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Social collaboration is not an entirely new concept, but it has the qualities of a technology that can change how people work together.
According to a research sponsored by Avanade, a Microsoft-focused IT consultancy firm that encourages the use of collaboration tools, there is a rising interest in social networking tools for business and commercial enterprises.
Avanade collaboration director Andy Hutchins said enterprise social collaboration tools had a notable increase in interest during the past six months, and it is still rising.
With all the talks and discussions about this hot Silicon Valley buzzword, there are three questions that need answers.
1. What is social collaboration?
2. Is there room for social collaboration in business and commercial enterprises?
3. When did social collaboration come into the picture?
What Social Collaboration Is
Social collaboration concerns methods and practices that help people engage, interact, work together, and share information with each other to accomplish a common goal.
The processes and methods involved have the Internet as a spontaneous environment, in which social collaboration and social distribution of facts and figures are way easier and quicker to implement due to the latest technological innovations.
The sharing of ideas, notions, or concepts using a digital environment for collaboration eases and accelerates brainstorming. As a result, new models and theories may develop because of the contributions from various professionals and individuals.
There is a key concept that supports social collaboration: Ideas are everywhere. People will always have the ability to share ideas, since it is not exclusive to professionals and a significant portion of the public wants to be involved.
Social collaboration often is compared to social networking. These two “social” concepts are not the same, as social collaboration focuses on the group than on the individual.
Social networking usually focuses its efforts on individuals who share messages and other types of content in a rather aimless manner, and receiving different types of messages from various sources into one tailored activity feed or stream of content.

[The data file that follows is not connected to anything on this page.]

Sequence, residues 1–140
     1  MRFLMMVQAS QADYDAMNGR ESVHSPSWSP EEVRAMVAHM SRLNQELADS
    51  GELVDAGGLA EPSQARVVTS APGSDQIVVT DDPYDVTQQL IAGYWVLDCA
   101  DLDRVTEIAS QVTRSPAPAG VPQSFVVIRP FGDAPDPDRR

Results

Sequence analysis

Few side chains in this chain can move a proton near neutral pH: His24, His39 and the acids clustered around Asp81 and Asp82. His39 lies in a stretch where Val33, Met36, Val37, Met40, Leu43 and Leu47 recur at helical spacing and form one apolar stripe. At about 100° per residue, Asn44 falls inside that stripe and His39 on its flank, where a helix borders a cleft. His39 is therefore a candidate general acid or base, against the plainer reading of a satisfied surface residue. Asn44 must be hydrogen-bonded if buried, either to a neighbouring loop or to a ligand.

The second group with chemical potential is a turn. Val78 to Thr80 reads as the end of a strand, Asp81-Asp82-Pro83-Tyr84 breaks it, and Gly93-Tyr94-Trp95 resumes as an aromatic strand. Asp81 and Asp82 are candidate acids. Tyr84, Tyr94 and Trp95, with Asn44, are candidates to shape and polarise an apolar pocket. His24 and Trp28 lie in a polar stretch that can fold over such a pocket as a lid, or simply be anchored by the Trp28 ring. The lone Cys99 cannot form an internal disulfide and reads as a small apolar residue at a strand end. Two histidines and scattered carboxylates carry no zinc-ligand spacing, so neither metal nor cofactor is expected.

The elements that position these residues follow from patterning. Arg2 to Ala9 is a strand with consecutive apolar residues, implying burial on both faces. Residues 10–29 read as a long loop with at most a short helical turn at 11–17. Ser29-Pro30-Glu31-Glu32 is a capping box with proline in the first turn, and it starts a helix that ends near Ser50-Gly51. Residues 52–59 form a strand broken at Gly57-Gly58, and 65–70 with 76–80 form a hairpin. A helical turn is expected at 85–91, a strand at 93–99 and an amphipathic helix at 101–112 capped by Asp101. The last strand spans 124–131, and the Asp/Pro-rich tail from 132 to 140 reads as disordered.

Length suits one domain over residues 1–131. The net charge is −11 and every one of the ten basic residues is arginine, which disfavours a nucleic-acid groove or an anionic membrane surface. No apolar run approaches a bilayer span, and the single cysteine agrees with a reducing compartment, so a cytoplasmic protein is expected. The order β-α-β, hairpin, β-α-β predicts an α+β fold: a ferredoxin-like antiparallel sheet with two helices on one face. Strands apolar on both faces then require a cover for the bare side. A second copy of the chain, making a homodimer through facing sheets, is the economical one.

In contrast, social collaboration focuses on finding and forming a group of groups or individuals who collaborate on one particular objective, in which messages are openly broadcasted to members of the group and everyone has the same view of the group activity feed.
Social collaboration may imply collaborations with a clear objective that has to be completed within a certain timeframe, or collaborations wherein the objective is to share knowledge, such as online communities or communities of practice.
Social collaboration is analogous to crowdsourcing, as the latter allows individuals to work and act together to achieve a common goal. For that notion, it appeals to young entrepreneurs.
A Room for Enterprise Social Collaboration
Several platforms use enterprise collaboration through tools such as Microsoft SharePoint, and it contains the data required to determine, track, and evaluate usage patterns of the end user.
Avanade’s Hutchins believes the problem is that only a few people have committed to find ways to bring together those metrics. For example, most Facebook analytics firms track only the basic quantitative measurements: posts, comments, and likes. They never move forward to have a good grasp on how these statistics bear upon collaboration.
Executives and managers who have seen the success of enterprise social collaboration across their organization know this by instinct, but they hardly ever go further than leaderboards and data points packaged with an enterprise social collaboration solution.
Businesses who do not tap into social collaboration are more likely to have lesser visibility on the activities of its people and lesser data about the reasons for their actions.
The History of Social Collaboration
Social collaboration is changing how businesses operate and take advantage of social technologies. These changes would not be possible without a series of technological innovations that transformed the world during the last four decades.
On that note, let this infographic by HighQ take you on a tour from “Hello World” to modern technology.
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